Now if OM is being pulled into a SMBH, so is dark matter, which pervades every galaxy. Dark matter (DM) responds to the same gravitational potential from the SMBH. The difference is that OM is collisional since it easily interacts with other OM via the electromagnetic force, whereas DM is generally collisionless, since it does not interact via electromagnetism.

Nevertheless DM – DM collisions can occur, rarely, via a ‘direct hit’ (as if two bullets hit each other in mid-air) and this leads to annihilation. Two DM particles meet directly and their entire energy content, from their rest mass as well as their kinetic energy of motion, is converted into other particles. The cross-section strength is not known, but it must be small due to observational limits, yet is expected to be non-zero. The most likely candidates for decay products are expected to be photons, neutrinos, and electrons.

The leading candidate for DM is some sort of weakly interacting massive particle with a mass of perhaps 5 to 300 GeV; this is the range where DM searches from satellites and on Earth are focused. (The proton mass is a little less than 1 GeV = billion electron Volts.) So if two DM particles mutually annihilate, there is of order 10 GeV to 600 GeV of available rest mass energy to produce highly energetic gamma rays.

The likelihood of a direct hit is proportional to the square of the density of the DM. A SMBH’s gravitational potential acts as a concentrator for DM, allowing the density to be high enough that there could be a significant number of annihilation events, resulting in a detectable flux of escaping photons reaching Earth. Relativistic effects work to further increase the annihilation rate. And it is possible that the annihilation signal could scale as M³ (mass of the SMBH cubed), and thus the most massive SMBHs would be very strong gamma ray emitters. These would be highly energetic gamma rays with well over 1 GeV of energy.

Movie from NASA Goddard showing Dr. Jeremy Schnittman’s simulation

Dr. Jeremy Schnittman of the NASA Goddard Space Flight Center has investigated possible annihilation rates and the nature of the observable gamma ray spectrum for some simple dark matter models. He used a compute cluster to simulate hundreds of millions of DM particles moving in the general direction of a SMBH. One of his remarkable findings is that much higher gamma ray energies can be produced than previously believed, in the case of SMBHs which are rapidly spinning.

This is a result of something known as the Penrose process, which allows energy to be extracted from a rotating BH. There is a region called the ergosphere outside of the event horizon and when two DM particles annihilate in this region and produce two gamma rays, one gamma ray photon would fall into the event horizon (into the BH), and the other photon would escape to infinity, possibly in the direction of Earth. Dr. Schnittman’s simulation indicates that the energy boost can be as high as 6 times or more. The faster the SMBH is spinning, the greater the potential energy boost.

He also has looked at DM particles on bound orbits, which are likely to form into a (donut-shaped) corotating torus around the SMBH, aligned with its spin vector. The bound DM particle annihilations lead to lower energy gamma ray production, as compared to the unbound particles.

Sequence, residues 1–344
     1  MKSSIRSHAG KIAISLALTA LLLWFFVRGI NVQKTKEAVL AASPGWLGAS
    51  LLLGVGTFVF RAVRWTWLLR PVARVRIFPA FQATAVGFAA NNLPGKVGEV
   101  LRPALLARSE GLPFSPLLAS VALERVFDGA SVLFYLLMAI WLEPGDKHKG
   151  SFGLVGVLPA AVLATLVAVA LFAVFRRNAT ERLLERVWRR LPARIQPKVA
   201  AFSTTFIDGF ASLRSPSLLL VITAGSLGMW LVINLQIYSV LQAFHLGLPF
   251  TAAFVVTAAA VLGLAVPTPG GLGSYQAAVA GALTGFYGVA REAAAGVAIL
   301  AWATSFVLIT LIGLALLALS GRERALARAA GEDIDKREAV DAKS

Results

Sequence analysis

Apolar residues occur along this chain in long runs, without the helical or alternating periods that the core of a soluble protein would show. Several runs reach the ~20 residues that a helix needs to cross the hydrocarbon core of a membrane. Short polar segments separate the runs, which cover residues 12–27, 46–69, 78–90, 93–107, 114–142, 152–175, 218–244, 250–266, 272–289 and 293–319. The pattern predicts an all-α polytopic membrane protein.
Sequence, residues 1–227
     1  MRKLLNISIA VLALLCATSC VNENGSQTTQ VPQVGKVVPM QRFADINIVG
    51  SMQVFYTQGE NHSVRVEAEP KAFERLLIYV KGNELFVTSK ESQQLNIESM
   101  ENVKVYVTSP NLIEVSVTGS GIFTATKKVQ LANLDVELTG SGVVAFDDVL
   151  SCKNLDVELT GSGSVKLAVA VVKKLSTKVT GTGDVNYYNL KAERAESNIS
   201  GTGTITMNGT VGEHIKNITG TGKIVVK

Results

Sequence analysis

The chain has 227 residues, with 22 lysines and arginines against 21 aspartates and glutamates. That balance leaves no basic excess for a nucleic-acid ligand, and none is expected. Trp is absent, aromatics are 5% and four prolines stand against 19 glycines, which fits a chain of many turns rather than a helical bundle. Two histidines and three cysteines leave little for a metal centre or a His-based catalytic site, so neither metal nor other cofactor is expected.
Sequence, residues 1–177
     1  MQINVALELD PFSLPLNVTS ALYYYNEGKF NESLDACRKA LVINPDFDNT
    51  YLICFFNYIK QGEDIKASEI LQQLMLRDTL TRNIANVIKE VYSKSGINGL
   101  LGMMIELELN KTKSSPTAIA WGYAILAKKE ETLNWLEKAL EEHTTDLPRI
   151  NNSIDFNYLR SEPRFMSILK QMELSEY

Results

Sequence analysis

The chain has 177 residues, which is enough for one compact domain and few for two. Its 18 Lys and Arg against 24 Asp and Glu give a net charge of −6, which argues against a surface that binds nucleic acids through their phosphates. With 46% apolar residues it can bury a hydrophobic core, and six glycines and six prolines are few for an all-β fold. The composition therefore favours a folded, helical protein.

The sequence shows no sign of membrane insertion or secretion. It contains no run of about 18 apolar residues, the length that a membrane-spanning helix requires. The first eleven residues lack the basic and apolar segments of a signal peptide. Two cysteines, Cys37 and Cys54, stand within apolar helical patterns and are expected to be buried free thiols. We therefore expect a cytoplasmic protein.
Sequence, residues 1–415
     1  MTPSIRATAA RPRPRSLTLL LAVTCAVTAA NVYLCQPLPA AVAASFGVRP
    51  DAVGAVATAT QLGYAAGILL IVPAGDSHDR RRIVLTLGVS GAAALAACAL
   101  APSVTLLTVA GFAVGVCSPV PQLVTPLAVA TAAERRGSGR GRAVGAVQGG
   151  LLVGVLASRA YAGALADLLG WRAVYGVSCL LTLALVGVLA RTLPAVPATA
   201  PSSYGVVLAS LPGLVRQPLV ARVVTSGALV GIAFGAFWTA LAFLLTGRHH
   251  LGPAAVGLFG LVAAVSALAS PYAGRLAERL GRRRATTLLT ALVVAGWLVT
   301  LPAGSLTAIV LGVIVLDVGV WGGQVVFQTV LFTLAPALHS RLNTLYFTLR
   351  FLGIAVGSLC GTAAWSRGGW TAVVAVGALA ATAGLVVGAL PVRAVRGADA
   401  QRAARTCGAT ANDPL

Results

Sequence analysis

One of the important considerations is that the influence radius of the BH is very large. The size of the BH itself (event horizon or Schwarzschild radius) is small, even for SMBHs. The radius is proportional to the mass, via the relation 2GM/R = c² (G is the gravitational constant, c the speed of light and M and R are the BH mass and radius, respectively). A SMBH with a mass of 10 million solar  masses will have a radius of only around 30 million kilometers, or about 1/5 of the Earth-Sun distance (an AU, or astronomical unit).

But the gravitational influence is much greater, since DM particles are typically expected to be moving at around only a couple of hundred kilometers per second far away from the SMBH. Thus DM particles that are 1 million times further away than the SMBH will have their orbits in their galaxy perturbed by the SMBH. And the scale of influence is thus parsecs (1 parsec = 3.26 light-years) or tens of parsecs or even hundreds of parsecs, depending on the SMBH mass.

The most energetic gamma rays can be produced by unbound DM particles. These are on orbits which can approach near to the SMBH after falling from far away (a “swan dive” toward the SMBH) and these DM particles would then typically head out away from the SMBH in the opposite direction. But before they are able to, they have a direct hit with another DM particle and annihilate into gamma rays or some other decay products.

The search for gamma rays from annihilating DM around SMBHs is already underway. There is in fact a possible detection by the Fermi telescope at 130 GeV in our Milky Way galaxy, from the direction of the Sagittarius A* SMBH. Future more sensitive gamma ray surveys may lead to many detections, helping us to better understand both dark matter and black holes.

References

J.D. Schnittman, 2015. “The Distribution and Annihilattion of Dark Matter around Black Holes”, http://arxiv.org/abs/1506.06728

J.D. Schnittman, 2014. Phys. Rev. Letters 113, 261102,  “Revised Upper Limit to Energy Extraction from a Kerr Black Hole”